WE HAVE seen and enjoyed many an uplifting victory by Kilkenny in this current golden era, and from time to time the successes threw up different qualities or aspects of play that left us with nothing but admiration for the gifted crew who wear the colours these days.
Sunday was a case in point. Eager Galway huffed and puffed. They weaved pretty hurling patterns that took hard work and skill to create as they tried to tear down the champions’ house by dragging them all over the place.
But like many a good team before them, the Westerners only succeeded in dragged the best out of Kilkenny, and in the end they were blown away, losing by 1-24 to 1-17, writes John Knox.
Why? They fell to the clinical efficiency of Kilkenny. Efficiency trumped grand design in Semple Stadium as the Cats qualified for an astonishing ninth Allianz National Hurling League final in 12 years.
And the bonus this time is that the final is schedule for our own Nowlan Park on Sunday week.
“It will be great to play with Kilkenny in a final in Nowlan Park with a major trophy at stake,” enthused star Kilkenny defender, Paul Murphy afterwards. “You expect every final to be tough, and we will get it tough against Tipperary because they are a top class side.”
Tipperary head the League roll of honour with 19 victories, but Kilkenny are closing in fast with 15 to date, six harvested during the last 11 trophy filled years. The counties last had a shoot out in the final in 2009 when the Cats took the honours.
Quality never varies
“We are in a good place, in the League final,” said Kilkenny selector, Martin Fogarty. “You couldn’t say last week that we had any hope of winning the League. Now we have a chance, and we will be doing our utmost to do it.”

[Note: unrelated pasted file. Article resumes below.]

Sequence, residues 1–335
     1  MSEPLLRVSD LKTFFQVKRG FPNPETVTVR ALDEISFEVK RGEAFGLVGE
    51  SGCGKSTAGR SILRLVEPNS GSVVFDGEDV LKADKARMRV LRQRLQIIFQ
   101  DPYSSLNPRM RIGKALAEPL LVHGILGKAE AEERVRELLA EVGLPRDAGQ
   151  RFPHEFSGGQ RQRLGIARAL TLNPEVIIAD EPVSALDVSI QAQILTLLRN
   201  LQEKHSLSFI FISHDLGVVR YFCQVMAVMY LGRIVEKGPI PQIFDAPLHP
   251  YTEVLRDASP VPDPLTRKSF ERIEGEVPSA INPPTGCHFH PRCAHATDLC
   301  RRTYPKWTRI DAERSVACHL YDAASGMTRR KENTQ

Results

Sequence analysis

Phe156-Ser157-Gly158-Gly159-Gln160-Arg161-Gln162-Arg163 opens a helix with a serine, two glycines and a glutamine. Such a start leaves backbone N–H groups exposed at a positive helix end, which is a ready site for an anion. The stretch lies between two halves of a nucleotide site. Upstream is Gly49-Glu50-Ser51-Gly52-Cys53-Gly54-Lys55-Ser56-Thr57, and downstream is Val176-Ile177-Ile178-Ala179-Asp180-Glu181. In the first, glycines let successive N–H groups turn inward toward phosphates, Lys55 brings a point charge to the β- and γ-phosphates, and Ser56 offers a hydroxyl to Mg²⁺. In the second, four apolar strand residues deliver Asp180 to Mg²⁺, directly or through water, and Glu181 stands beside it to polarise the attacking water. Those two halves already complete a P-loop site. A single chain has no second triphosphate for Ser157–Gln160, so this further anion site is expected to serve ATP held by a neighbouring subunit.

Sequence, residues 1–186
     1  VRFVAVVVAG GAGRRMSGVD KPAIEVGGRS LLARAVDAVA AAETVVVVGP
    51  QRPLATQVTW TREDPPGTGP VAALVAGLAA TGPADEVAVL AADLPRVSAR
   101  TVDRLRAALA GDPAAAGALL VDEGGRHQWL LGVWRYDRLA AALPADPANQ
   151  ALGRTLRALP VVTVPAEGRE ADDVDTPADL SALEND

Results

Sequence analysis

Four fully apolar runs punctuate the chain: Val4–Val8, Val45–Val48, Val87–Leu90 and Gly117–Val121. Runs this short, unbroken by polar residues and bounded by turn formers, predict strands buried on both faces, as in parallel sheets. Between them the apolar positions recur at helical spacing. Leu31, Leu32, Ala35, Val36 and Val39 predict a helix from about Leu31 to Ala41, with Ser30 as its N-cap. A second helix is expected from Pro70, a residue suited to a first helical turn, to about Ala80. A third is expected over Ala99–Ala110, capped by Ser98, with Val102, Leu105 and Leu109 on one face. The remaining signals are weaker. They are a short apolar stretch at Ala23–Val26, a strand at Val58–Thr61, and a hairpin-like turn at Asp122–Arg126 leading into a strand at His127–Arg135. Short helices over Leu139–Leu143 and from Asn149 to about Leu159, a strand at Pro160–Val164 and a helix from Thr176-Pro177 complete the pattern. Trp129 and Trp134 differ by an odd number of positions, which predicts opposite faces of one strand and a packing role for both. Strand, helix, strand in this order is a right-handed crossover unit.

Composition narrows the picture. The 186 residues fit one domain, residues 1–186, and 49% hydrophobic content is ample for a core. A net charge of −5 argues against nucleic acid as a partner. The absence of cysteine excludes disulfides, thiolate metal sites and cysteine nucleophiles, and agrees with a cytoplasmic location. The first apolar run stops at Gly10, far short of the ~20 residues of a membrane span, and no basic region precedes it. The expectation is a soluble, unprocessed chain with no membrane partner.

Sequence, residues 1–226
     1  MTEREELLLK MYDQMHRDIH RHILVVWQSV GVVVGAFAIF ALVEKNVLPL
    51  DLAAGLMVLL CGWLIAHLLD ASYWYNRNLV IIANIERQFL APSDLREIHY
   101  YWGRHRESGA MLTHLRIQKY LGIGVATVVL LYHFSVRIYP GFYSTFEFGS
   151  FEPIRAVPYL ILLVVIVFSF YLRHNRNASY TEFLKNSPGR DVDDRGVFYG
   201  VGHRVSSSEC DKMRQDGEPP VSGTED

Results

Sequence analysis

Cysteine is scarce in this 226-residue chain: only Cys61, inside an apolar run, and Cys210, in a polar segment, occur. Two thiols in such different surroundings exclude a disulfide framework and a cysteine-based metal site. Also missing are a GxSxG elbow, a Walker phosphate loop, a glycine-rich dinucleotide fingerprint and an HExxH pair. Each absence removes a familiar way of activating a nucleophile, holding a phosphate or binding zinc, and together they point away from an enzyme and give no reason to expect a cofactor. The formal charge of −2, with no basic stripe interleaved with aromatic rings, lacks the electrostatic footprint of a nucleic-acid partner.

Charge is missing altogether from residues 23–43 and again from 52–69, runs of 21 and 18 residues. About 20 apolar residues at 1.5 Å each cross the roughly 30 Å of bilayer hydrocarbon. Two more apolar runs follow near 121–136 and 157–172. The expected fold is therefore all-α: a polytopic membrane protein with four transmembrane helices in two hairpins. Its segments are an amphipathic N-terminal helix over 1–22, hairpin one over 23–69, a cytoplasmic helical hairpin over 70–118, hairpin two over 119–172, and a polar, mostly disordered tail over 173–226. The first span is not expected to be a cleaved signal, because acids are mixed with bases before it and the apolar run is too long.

There will be no Henry Shefflin or T.J. Reid, heroes of last year’s All-Ireland final win, to help the cause. Ah sure, being without some talent or other is normal life for Kilkenny these days, yet the quality of the performances never varies.
There used to be an advertisement on the television years ago that lauded the quality of a branded flour because it never varied. Kilkenny are the equivalent on the hurling front these times.
They just drive on and on, clocking up one win after another. The way they turned a scare at one end into a score at the other thrilled on Sunday, almost to the point of amusement.
Three times during the crucial first half when Galway threatened seriously and played their best hurling they found themselves being punished immediately after failing to hurt the opposition. As early as the 7th minute Aidan Fogarty pointed for Kilkenny, with an assist by Richie Hogan, after Galway took one touch too many at the other end before surrendering possession and paying the price.
It was the same in the 28th minute when a Galway raid broke down and a quick delivery from the winners led to Richie Power almost sneaking a goal at the other end. He won a 65 instead, which was converted by Eoin Larkin.
And Lester Ryan then shot a lovely long range point in the 34th minute after the supreme Brian Hogan pinched possession from the opposition at the other end as they tried to piece together an over complicated move.
Direct and fast
The difference in approach – Kilkenny’s was direct and fast – was encapsulated by the performance of Galway’s Damien Hayes at top of the left. During the first half he was a real mischief maker, and I mean a real mischief maker, yet he had to wait until the 38th minute for his one and only score.
Perhaps he was trying to be unselfish and a team player, because he invariably threw the ball around to a colleague. The generous first half possession he enjoyed should have produced richer pickings.
Compare his heavy involvement to Kilkenny’s Lester Ryan, who was a peripheral performer for much of the first half as he battled to find his way into the game. Yet the Clara man left the field at half-time with three points to his credit. Efficiency!